anschlieĂ&#x;end einem glitzernden Sternenhimmel. Wenn GeiĂ&#x;eltierchen hochgespĂźlt werden, einen Moment aufleuchten und dann wieder im Wasser verschwinden, sieht es aus, als wĂźrden blaue Funken verglĂźhen. Die Abende sind kurz, Tauchen macht mĂźde. Um zehn Uhr schlafen fast alle unter dem Sternenhimmel auf dem Oberdeck, obwohl es unten klimatisierte KajĂźten gibt. Hier will jeder nah an der Natur sein, ob Ăźber oder unter Wasser. Nach einer Woche werden die gesammelten Daten an das Hauptquartier geleitet. Die Antwort kommt prompt: ÂťPrima Arbeit Leute, mehr davon!ÂŤ Und nach s gibtfĂźnf vieleJahTauchplätze, die unter Wasser atemEIN SCHRITT VOM HECK DER ren Âťmehr davonÂŤ ergreift das Ministerium fĂźr Landberaubend sind. DarĂźber allerdings kann kaum Gewinnen wirtschaft und Fischerei im Oman dann tatsächlich einer derMeeMusandam-Halbinsel im Oman das DHOW, UND MAN IST MITTEN IM Sie einen Tauch-Expeditionsplatz mit Biosphere Expeditions nach Musandam (Oman), Malaysia oder auf die Maleresschutz-MaĂ&#x;nahmen rund um das IdyllWasser Musandam. Nah an der Natur: Reisen mit Biosphere Expeditions finden auf reichen. Spektakulär stĂźrzen die Berge diven und helfen Sie aktiv mit beim Korallenriffschutz weltweit! Jetzt ist die gewerbliche Fischerei in den Buchten komfortablen Schiffen statt – Luxusreisen sind es nicht. FORSCHUNGSGEBIET. ZUNĂ„CHST senkrechtKhor ins Meer. Es erinnert an die norweNadj und Khor Hablain verboten. gischen Fjorde, aber es ist heiĂ&#x; und keine WolVoraussetzungen sind ein Tauchschein, Englischkenntnisse und die Hammer erklärt die HintergrĂźnde derden seitstahlblauen Jahren an- Himmel. Unsere weiĂ&#x;e DhowÂťDaher bemĂźhen wir uns als nächsten Schritt intensiv um WIRD DAS MASSBAND VERLEGT. ke trĂźbt Bereitschaft auf einer echten Naturschutzexpedition (keiner Luxusdauernden Forschungsarbeit: ÂťDie Korallendichte rund Die Berge um uns hellbraun, offizielle UnterstĂźtzung fĂźr die Ausweitung der SchutzmaĂ&#x;durchpflĂźgt das Wasser. reise!) aktiv mit anzupacken. Neben dem Hauptgewinn der Expedium Musandam liegt bei fast 60 Prozent. Das ist imlebensfeindlich. weltheiĂ&#x;t es von Seiten Biosphere Expeditions. ÂťEine karg, unwirtlich, VĂśgel hoch obennahmenÂŤ, im tionsteilnahme gibt es auch andere Preise der Partner Reef Check weiten Vergleich ein äuĂ&#x;erst hoher Wert. Die Riffe in weitere UnterstĂźtzung und zusätzliches finanziellesoder EngageBlau, dazwischen nur strahlender Sonnenschein und flimWenig Langusten Schnapper weisen auf Ăœberfiund Marine Conservation Society (MCS) zu gewinnen. Omans Norden sind ohne Zweifel mit Abstand die jemand bement seitens der Regierung sindschung notwendig, um dasAlgen eigentmernde Hitze. Kaum verirrt sich hierher, und eine hin, zuviele auf eine Unwucht im Ă–kosyBiosphere Expeditions ist eine mehrfach ausgezeichnete, gemeinsten der gesamten Region. Das kĂźrzlich erlassene liche Ziel zu erreichen: die Errichtung einesDas groĂ&#x;en Woche lang sehenVerbot wir keine anderen Taucher. Rudeltaustem Riff. alles Meeressind wertvolle Daten, nĂźtzige die ohne die Organisation, die Naturschutzexpeditionen als Abenteuer betrifft die Fischerei mit Netzen, Käfigen oder anderer rund um Musandam.ÂŤ chen Fehlanzeige. Oben karg, unten der Regenwaldschutzgebiets der freiwilligen Helfer nicht erhoben werdenmit kĂśnnen. Sinn fĂźrIm jedermann organisiert. Expeditions-Projekte sind keiAusrĂźstung; nur Angelruten sind vom Verbot ausge-so weit das Auge reicht. BepelzteDas ist das groĂ&#x;e Ziel. Und Weg was ist es, das im nichtÂŤ, betont Solandt. Meere. Korallengärten stehen siedie alsoLeute Ăźberhaupt ne Touren, Fotosafaris oder Exkursionen, sondern echte, handfeste nommen. Dies ist ein weiser und wichtiger Schritt der und Gehirne, Langusten,Kleinen bewegt, eine Woche ihres Urlaubs weit weg von Schlote, korallige Geweihe PaForschungsprojekte, an denen Sie teilnehmen kĂśnnen. Auch sind omanischen Regierung, um daspageienfische, Ăœberleben dieses ein- Zackenbarsche, Schnapper. allem Trubel mit Wissenschaftlern zu verbringen? Daten sammeln ÂťIrgendfĂźr das Puzzle Falterfische, die Expeditionen keine Militärcamps nur fĂźr Hartgesottene – mit zigartigen MeeresĂśkosystems zu Riffwelt nur zu Essichern.ÂŤ ist diese Welt, die Taucher suchen. Und hier ist siewann fast genĂźgt es nicht mehr, die bunte Und schon platscht diebeVorhut ins Wasser. Einsein Schritt dabei kann jeder, der etwas Schulenglisch beherrscht, auch wundernÂŤ, sagt Steve, der Australier. ÂťIch der wollte sie endlich unberĂźhrt, auf alle Fälle aber exklusiv. Jeder Tauchgang vom Heck Dhow, und man ist mitten imohne ForschungsUrlaub und Vorkenntnisse und besondere Fitness. Neben den Tauch-ExLohn der MĂźhen besser verstehen.ÂŤ ÂťMein Urlaubgebiet. sollteDas etwas anderes seinÂŤ,legt ein 100 Meter-MaĂ&#x;band fĂźhlt sich an wie eine Entdeckertour. Ist es auch, denn Rentnerehepaar peditionen (ab PADI Open Water o.ä.) gibt es eine ganze BandbreiNaturschutz unter In einer Erklärung des Ministeriums fĂźr Landwirtmeint Silke aus MĂźnchen. ÂťWenn er dann Sinn wir erschlieĂ&#x;en und benennen tatsächlich Tauchplätze, entlang desnoch Riffs einen aus: die Linie der Wissenschaft, an der te an Land-Expeditionen wie zum Beispiel Schneeleoparden in schaft und Fischerei heiĂ&#x;t es, dass die korallenreichen hat, um so besser.ÂŤ ÂťUnd an entlegenen Riffen tauchen, fĂźr die nächsten die vorher unbekannt und unbenannt waren. sich der Rest derzuMannschaft 90 GroĂ&#x;katzen MiKirgisien, in SĂźdafrika, oder WĂślfe in Deutschland. WeiWasser: Sporttaucher Khor Nadj- und Khor Hablain-KĂźstenregionen durch an denen sonst niemand ist, und zu deren ErhaltHinter beizutranuten orientiert. der Vorhut die deutsch-austratere Informationen: die Fischerei zerstĂśrt werden. Die ZerstĂśrungdabei? von Koralgen, spielt sicher auch eine RolleÂŤ, denkeFisch-Buchhalter. ich mir. ÂťEs ist ein MaĂ&#x;band untersuchen unter lischen Langsam, ganz langsam taulen bedeute ernsten Schaden fĂźr das Meeresleben in der natĂźrlich, und ein Urlaub Euch, aber durch Reef Check Wir: Das sind zehn Sporttaucher aus Deutschland,Abenteuer, Itachen siefĂźr das MaĂ&#x;band ab und notieren Papageienfische, Region. Deshalb schĂźtze diese MaĂ&#x;nahme nicht nur die Eure Arbeit fachkundiger tragt Ihr auch einen wichtigen Teil zur Erfor-Sieben FamilienPartner und Forschungsmethodik bei den Tauchexpeditionen ist lien, Schottland, der Schweiz, Australien und den USA. Zackenbarsche, Schnapper. gilt es zu unKorallenriffe, sondern helfe auch dieein nachhaltige Nut- ein Wissenschaftler, ein Dhowschung und Anleitung Erhaltung derden Korallenriffe beiÂŤ, ergänzt Dr. Reefauf Check, das sich den Schutz der Korallenriffe weltweit durch Dazu Expeditionsleiter, terscheiden, deren Vorkommen RĂźckschlĂźsse Ăœberzung von Meeresressourcen zu gewährleisten, hoHammer. Ein gutes GefĂźhl. Einfischung passendes Schlusswort. p zulässt. Die Einteilung Bildung, Forschung und Naturschutz auf die Fahnen geschrieben Safariboot undso dieein abgelegene Musandam-Halbinsel weit und Wasserqualität ist Zustand von Riffen im her Ministeriumsbeamter. hat. Alle Biosphere Expeditions-Tauchexpeditionen nutzen die im Osten der arabischen Halbinsel. Wie ein Finger zeigt grob genug, so dass auch Laien damit zurechtkommen. ÂťDem kann man nur vollends Reef CheckSie Methodik. Weitere Infos: siezustimmenÂŤ, in die StraĂ&#x;esagt vonDr. Hormuz, diese berĂźhmt-berĂźchDann dieso Taucherinnen aus Italien und Schottland. Oman. Und sorgen Solandt. ÂťUnd es belohnt unseretigte Arbeit und diezwischen der vie- dem Iran und Oman, die den Meerenge kĂźmmern sich um die Wirbellosen. KopfĂźber wird das TAUCHEN NATURSCHUTZ Society (MCS) fĂźrUND deren Schutz. len freiwilligen Helfer, wenn diePersischen von uns verfassten Riff abgetaucht und in jede Ritze geschaut, Marine Seeigel,Conservation LanGolf vomForGolf von Oman trennt. Wissenschaftstourismus heiĂ&#x;t die trendige Kombination Dienotiert. Marine Es Conservation Society (MCS) ist das Sprachrohr fĂźr alle, schungsberichte gelesen und unsere Empfehlungen ÂťHat Team 1 seinfĂźr MaĂ&#x;band? Hat das Boden-Team gusten, Seesterne und Schnecken akribisch von Freiwilligenarbeit und Urlaub. Teilnehmer unterstĂźtzen dieihre sichAbwefĂźr eine Zukunft der Weltmeere einsetzen wollen, bevor leText: Sam Mittmerham den Naturschutz, wie hier geschehen, tatsächlich um-Datentafeln?ÂŤ Der Expeditionssein Lot? Wo sind die gibt relativ wenig Langusten. Schlecht, denn dabei ein bis zwei Wochen lang einen Meeresbiologen. Der Bestandsaufnahme: bende Ozeane Vergangenheit sind. Weitere Informatigesetzt werden.ÂŤ Trotzdem mahnt Solandt zur gutem Vorsicht, leiter fragt aus Grund: Das Handwerkszeug verist ein Fingerzeig auf Ăœberfischung. Selbst hier ein Ding der An Bord verwerten Clou dabei: Um an einer solchensenheit Unterwasser-Forschungsonen: denn die Forschungsergebnisse belegen auch, dass mal Fischgisst man schon im Morgentrubel. Doch es fehlt der Mensch die Teilnehmer die expedition teilzunehmen, musshinterlässt man kein studierter Mee-Spuren seiner Anwesenheit. Zu i und Bewerbungsformular: und Wirbellosenpopulationen innichts der Region – alsoniedrig weiter: sind Flaschen festschnallen, Druck Ăźberguter dann Tauchdie Boden-Leute. In 50 Zentimeterunter Wasser gewonresbiologe sein. Voraussetzungen sindLetzt ein gĂźltiger www.biosphere-expeditions. – und das trotz der hohen Korallendichte. ÂťOhne weinenen Daten. prĂźfen, in den Neoprenanzug. Letzter Sicherheitscheck. wird Bodenbeschaffenheit erfasst: Sand, schein und Englischkenntnisse. Schritten Zwei bis drei Tagedie läuft die org/competition tere SchutzmaĂ&#x;nahmen werden sichÂťAm die FischAnfangund sindWirdie Leute oft skeptisch. Wie soll ich Hartkoralle, Weichkoralle, GerĂśll, etc. Manchmal Ausbildung: Probetauchgänge, Stein, MessausrĂźstung kennenbellosenpopulationen nicht erholen kĂśnnen. Eine Aus- denn Riff-Experten und Wisals Laie und Sporttaucher ist es auch grĂźner Bewuchs: und nutzen und vor allem sogenannte Indikatorenarten er- Algen, die ein ĂœbermaĂ&#x; an weitung der Meeresschutzgebiete rund um Musandam senschaftlern helfen? Bin ich denn nicht nur im Weg? Nährstoffen Aus allem ergibt sich dann ein kennen lernen. Biosphere Expeditions ist eine anzeigen. vielfach auswird nĂśtig sein, um dies zu ermĂśglichen. Das erklärt gesamteExpeditionsleiter Dr. Matthias Weit gefehlt!ÂŤ, Bild Ăźber den Gesamtzustand der Riffe. gezeichnete, gemeinnĂźtzige Naturschutzorganisation, die Riff-Ă–kosystem ist immer nochHammer, in einer prekären Biologe, SituChef und GrĂźnder der gemeinnĂźtWenn die Arbeit erledigt ist, bleiben noch ein wenig es Laien ermĂśglicht, an solchen Naturschutzexpeditionen ation. Davon sind auch alle Menschen betroffen, die in zigen Naturschutzorganisation Biosphere Expeditions. Zeit und Luft, um die Unterwasserwelt zu genieĂ&#x;en: Ein teilzunehmen. ÂťOhne FuĂ&#x;soldaten Musandam seit Generationen in traditionellerbraucht Lebens-FuĂ&#x;soldaten, die die Kleinarbeit ÂťWissenschaft Rochen zieht mit sanftem FlĂźgelschlag Ăźber den Sand, Weitere Infos: keine DatenÂŤ: Die Teilweise mit und vom Meer lebenÂŤ, so Solandt. machen. Es gibt keine technisch-automatisierte LĂśsung ein Barrakuda steht wie ein silberner Torpedo zwischen nehmer mĂźssen nicht fĂźrs Fischezählen oder Korallensichten. Ohne Handarzwei BlĂścken, eine groĂ&#x;e MeeresschildkrĂśte äugt herĂźjede Art bestimmen, 7/17 u ¡ 59 aber gewisse Gruppen. beit keine Daten. Ohne Daten keine LĂśsungenÂŤ, ist Hamber wie eine misstrauische Gouvernante. mers lapidare Antwort. Kein Barsch auf dem Tisch Ăœberzeugt davon sind der Bankkaufmann aus MĂźnchen, die Hotelfachfrau aus Rom, die schottische PsyAn Bord wartet das Mittagessen, aufgetischt von Pochologin, die Schweizer Lehrerin, der australische Gely, dem indischen Magier in der kleinen KombĂźse. Fisch schäftsmann und das Rentnerehepaar aus New York – sie oder Fleisch sucht man hier vergebens. ÂťWir kĂśnnen alle wenden Geld und einen Teil ihres Urlaubs dafĂźr auf, nicht unter Wasser die rapide Abnahme von Barschen um wissenschaftliche Daten Ăźber das Riff zu sammeln. dokumentieren und so tun, als ob uns das etwas angeht, ÂťNatĂźrlich kĂśnnen wir nicht erwarten, dass unsere um dann zehn Meter hĂśher einen zu essen. Das wĂźrde Laienhelfer Fische und Korallen bis auf ihre Unterarten nicht passen, und Augenwischerei machen wir nichtÂŤ, katalogisieren. Darum geht es auch nicht, diese Arbeit erklärt Hammer, und die zum Essen versammelte Mannmachen andereÂŤ, erklärt Dr. Jean-Luc Solandt, der Meeschaft nickt zustimmend. resbiologe der britischen Marine Conservation Society Nachmittags findet ein weiterer Tauchgang statt, am und Wissenschaftler an Bord. ÂťVielmehr geht es darum, selben Platz, diesmal in fĂźnf Meter Tiefe. Nach der RĂźckgroĂ&#x;e Gruppen zu sichten. Papageienfische, Langusten, kehr geben die Hobbyforscher die gesammelten Daten in Schnapper, Haie. Die kann nach zwei Tagen Ausbildung den Rechner ein, dann ist das Tagwerk getan. Es wird Zeit jeder sicher unterscheiden. Diese Gruppen geben wiedefĂźr die TagebĂźcher und Romane. Und fĂźr ein wenig ararum Auskunft Ăźber den Gesundheitszustand des Riffs. bische Romantik mit glutrotem Sonnenuntergang und c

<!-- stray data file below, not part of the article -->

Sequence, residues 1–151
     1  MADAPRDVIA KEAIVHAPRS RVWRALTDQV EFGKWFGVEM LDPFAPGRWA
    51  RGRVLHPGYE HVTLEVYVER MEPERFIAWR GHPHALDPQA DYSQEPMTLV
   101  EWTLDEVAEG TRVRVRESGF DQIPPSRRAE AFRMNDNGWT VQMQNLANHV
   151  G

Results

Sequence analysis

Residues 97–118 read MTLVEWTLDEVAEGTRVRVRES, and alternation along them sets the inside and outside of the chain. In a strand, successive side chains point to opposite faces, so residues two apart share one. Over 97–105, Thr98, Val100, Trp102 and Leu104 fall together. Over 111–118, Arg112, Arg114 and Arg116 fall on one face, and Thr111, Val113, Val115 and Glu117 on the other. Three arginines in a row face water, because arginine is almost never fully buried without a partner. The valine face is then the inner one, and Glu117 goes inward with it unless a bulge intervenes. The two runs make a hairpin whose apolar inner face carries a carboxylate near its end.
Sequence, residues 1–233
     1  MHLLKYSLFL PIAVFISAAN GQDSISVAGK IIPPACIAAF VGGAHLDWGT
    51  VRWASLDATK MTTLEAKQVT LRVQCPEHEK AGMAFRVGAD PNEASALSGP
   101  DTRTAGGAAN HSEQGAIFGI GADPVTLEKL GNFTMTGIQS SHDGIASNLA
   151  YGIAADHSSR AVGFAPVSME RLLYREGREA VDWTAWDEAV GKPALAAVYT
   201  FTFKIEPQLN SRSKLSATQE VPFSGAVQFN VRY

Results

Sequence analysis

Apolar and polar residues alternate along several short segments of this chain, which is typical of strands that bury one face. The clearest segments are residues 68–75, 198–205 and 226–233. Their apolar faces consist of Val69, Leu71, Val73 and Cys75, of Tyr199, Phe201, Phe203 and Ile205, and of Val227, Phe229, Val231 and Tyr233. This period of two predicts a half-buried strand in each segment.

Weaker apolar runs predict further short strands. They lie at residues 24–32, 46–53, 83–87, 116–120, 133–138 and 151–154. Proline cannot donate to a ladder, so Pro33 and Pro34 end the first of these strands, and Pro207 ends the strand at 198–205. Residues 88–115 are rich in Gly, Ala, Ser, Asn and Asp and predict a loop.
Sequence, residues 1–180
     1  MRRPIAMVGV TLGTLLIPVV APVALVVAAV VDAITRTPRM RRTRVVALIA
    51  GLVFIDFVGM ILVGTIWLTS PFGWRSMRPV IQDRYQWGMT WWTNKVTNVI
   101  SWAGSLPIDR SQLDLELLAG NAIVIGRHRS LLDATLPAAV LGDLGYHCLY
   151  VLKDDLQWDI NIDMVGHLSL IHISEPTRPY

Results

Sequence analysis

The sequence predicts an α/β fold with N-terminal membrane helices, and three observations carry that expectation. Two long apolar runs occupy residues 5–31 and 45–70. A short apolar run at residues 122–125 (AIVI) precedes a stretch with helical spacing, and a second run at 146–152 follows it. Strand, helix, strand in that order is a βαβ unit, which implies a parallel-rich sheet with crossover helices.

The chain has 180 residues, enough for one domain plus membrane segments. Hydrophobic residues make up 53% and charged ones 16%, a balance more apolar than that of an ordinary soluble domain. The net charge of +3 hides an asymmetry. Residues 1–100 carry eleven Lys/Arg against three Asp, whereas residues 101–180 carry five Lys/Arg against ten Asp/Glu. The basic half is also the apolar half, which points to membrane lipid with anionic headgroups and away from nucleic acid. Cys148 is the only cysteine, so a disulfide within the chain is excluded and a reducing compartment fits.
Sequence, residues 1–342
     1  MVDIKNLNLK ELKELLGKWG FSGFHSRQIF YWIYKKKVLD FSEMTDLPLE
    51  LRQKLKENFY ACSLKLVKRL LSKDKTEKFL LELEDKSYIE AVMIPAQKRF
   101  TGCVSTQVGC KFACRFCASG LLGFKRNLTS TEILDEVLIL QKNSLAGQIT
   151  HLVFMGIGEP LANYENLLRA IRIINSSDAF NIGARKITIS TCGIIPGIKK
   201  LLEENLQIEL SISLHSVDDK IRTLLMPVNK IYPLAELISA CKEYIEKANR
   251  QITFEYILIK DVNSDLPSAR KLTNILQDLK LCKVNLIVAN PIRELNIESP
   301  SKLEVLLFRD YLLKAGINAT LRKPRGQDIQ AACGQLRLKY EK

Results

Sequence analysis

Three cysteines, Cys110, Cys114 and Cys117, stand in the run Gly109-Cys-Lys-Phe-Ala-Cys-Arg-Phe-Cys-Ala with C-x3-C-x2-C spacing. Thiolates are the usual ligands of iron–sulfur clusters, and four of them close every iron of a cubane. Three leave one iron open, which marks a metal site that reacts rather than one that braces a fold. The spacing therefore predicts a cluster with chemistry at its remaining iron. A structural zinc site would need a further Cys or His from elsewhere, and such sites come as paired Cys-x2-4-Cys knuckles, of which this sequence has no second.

Oman: karge Welt ßber Wasser. Darunter der Regenwald der Meere. Aber nicht ßberall ungefährdet.